Rating (4.5 out of 5)
Summary: What a great wee film this is. First, I laughed constantly through this film. Credit to Taika Waititi, who acted, directed, and wrote for presenting a profoundly serious subject and interlacing humor to present the material. He cleverly demonstrates all facets of Germans, good and bad and in between. The movie does have its moments of sadness and tension, which were expertly executed. Most importantly I wanted to see how this movie ended and was thoroughly satisfied with the end. In many ways, I know his sounds weird but reflecting back on this movie, it feels similar to “The Apartment” (if you are curious about the similarity read below).
Plot: JoJo (Roman Griffin Davis) is a 10-year-old living in Nazi Germany and his imaginary friend is the Fuhrer (Taika Waititi). One day JoJo discovers a young Jewish girl Elsa (Thomasin McKenzie) hidden in the walls of his house. Is JoJo a good Nazi or a good person?
Details: I thought all the actors were fantastic. I am always amazed when directors can extract so much from young actors. Not usually a fan of Sam Rockwell and always consider his performances to be overrated, but thought he was spectacular here. A pleasure to watch Scarlett Johansson act in a movie that didn’t include excessive action and violence. You can forget that she is a good actress. This is the second film where I have had the pleasure of watch Thomasin McKenzie and after both performances, I expect to see more of her in the future.
I read an article that described how we as readers seek articles or news supporting our views and ignore articles that do not. I think this thought process applies to movies. Dealing head-on with the current undertone of nationalism that is spreading globally in the world today can be off-putting and definitely a movie of this type would be ignored if an individual supported nationalism. Only those who see nationalism as a problem will view this movie. The liberal nation will pat themselves on the back. However, only liberals will watch the movie, and nothing will change.
The beauty of this film is by incorporating silly humor and a visually pleasing approach, “JoJo Rabbit” remains a watchable film for all viewers. While establishing a parallel with our society today, the parallel doesn’t consume the film and doesn’t repel those who may be open to change. So that nationalist person you may fear, might go to the theater and watch this film. And then, just maybe, that individual who only sees positives to nationalism may see some of the negatives.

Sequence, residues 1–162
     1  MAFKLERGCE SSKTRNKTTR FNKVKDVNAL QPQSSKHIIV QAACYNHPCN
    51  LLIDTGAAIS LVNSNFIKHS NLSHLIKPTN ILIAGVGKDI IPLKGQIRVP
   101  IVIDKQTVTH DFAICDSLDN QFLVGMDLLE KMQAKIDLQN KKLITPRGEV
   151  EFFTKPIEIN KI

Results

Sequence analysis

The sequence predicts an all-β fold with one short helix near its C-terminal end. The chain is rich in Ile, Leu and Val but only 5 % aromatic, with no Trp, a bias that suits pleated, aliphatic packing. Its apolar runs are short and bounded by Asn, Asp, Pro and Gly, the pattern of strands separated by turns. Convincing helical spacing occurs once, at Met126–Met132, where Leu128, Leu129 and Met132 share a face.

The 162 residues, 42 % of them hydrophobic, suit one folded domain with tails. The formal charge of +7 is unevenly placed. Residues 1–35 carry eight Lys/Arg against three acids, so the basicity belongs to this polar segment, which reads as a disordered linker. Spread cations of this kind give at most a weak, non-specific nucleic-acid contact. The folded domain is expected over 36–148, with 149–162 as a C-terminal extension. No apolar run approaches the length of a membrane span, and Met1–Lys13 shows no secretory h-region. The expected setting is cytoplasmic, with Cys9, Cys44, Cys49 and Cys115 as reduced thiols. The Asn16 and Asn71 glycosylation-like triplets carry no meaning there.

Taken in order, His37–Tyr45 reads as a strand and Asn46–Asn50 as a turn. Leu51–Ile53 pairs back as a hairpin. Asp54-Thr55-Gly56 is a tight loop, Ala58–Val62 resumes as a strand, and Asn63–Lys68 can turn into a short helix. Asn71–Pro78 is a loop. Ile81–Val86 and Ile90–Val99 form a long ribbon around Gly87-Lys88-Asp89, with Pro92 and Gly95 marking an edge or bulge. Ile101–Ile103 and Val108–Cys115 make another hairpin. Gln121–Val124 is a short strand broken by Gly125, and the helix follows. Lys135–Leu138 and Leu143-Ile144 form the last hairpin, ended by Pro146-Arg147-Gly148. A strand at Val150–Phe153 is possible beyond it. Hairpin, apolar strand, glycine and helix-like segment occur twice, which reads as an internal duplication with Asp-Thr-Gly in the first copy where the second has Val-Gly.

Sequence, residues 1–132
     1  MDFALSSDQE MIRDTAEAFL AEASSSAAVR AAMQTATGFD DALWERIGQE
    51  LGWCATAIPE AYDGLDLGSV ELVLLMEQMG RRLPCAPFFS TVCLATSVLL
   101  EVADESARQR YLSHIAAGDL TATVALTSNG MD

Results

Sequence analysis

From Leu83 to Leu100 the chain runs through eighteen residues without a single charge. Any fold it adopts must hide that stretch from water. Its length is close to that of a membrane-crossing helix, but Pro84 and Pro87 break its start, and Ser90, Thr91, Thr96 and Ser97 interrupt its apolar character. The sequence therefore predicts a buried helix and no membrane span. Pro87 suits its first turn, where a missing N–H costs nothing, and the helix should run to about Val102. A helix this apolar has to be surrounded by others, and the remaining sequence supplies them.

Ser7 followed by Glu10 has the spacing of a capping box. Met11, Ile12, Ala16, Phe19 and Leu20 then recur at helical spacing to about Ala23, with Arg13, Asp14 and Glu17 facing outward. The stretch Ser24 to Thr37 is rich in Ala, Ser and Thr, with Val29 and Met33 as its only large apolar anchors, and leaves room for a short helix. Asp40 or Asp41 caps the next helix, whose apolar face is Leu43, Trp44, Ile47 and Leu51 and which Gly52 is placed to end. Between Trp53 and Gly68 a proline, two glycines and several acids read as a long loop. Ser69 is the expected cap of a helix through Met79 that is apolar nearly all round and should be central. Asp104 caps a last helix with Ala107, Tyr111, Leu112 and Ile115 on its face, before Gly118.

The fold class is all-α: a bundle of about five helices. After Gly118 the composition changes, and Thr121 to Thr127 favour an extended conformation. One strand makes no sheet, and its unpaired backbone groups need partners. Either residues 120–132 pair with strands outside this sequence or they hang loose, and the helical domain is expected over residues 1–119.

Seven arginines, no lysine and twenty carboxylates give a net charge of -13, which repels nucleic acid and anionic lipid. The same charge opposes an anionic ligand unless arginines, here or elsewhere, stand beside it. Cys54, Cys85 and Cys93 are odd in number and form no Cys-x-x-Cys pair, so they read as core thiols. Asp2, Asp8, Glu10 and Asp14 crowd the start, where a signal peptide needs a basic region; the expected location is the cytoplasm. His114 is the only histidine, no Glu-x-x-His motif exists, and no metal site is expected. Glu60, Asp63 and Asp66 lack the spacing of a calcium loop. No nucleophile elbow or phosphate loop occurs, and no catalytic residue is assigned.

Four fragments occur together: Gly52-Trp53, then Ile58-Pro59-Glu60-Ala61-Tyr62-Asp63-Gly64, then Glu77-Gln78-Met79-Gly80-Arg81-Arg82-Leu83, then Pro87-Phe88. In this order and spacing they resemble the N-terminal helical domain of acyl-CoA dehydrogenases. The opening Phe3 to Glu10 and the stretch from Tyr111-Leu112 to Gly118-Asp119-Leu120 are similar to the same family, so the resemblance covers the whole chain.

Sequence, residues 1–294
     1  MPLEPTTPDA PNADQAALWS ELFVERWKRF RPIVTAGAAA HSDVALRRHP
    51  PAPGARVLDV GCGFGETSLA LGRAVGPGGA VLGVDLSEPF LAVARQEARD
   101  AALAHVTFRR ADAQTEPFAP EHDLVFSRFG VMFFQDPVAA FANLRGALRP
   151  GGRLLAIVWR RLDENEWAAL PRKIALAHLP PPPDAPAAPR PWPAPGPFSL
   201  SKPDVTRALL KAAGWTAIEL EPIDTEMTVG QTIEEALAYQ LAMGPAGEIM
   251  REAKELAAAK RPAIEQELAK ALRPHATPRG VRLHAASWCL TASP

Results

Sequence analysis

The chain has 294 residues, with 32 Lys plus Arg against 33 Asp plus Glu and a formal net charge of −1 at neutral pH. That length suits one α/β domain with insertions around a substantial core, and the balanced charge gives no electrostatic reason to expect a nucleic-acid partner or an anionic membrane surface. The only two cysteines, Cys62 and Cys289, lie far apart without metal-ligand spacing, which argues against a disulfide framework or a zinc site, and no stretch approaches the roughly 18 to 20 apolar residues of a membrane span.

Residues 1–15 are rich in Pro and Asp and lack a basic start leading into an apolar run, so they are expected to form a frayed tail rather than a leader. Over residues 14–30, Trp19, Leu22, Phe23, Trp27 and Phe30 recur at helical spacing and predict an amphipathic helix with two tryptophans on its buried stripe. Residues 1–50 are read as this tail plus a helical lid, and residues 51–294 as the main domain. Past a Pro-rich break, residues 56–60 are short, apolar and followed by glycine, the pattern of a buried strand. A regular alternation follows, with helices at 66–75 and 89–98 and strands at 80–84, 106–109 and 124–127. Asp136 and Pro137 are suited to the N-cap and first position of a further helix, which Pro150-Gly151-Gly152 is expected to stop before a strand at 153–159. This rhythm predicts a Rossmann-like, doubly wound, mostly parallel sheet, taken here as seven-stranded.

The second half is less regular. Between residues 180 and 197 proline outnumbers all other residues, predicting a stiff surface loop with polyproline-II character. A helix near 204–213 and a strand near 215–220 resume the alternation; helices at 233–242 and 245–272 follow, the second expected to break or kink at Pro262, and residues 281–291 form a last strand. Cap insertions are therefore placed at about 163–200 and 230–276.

Wholly, I am shocked that a movie like “JoJo Rabbit” has the same Metacritic score as “Zombieland: Doubletap”. While I enjoyed “Doubletap”, “JoJo Rabbit” is significantly better, never mind more original. One of the reasons I started writing a blog was because I thought original films like “JoJo Rabbit” were overlooked, and mindless repeats were rated highly.
Why “JoJo Rabbit” is like “The Apartment”?
The first similarity is the main characters are both focused on succeeding based on conforming to what their society has laid out? Success as a Nazi or in business. The main characters are well on track to acheive their goal until a situation arises and they meet a girl. The girl forces the main characters to face the true expense of conforming. Give-up the Jew to conform or sell your soul for the promotion? Each decision forces the individual to question their reality and decide who they want to be.
Both movies contain intense moments when we can lose the female character. In “JoJo Rabbit” we have the scene when the Gestapo arrives and interrogates them. In “The Apartment”, the female character tries to commit suicide. Both are pivotal moments for the male character.
Both movies maintained a steady set of humor throughout the movie. The humor is used to reset the film after a tense period in the film. This style, I believe helps the audience transition from scene to scene.
Of course, the main characters in both films fall in love with the girl, which is the common element. Even the end felt similar: JoJo Rabbit, the couple do a little dance outside and The Apartment the couple play cards.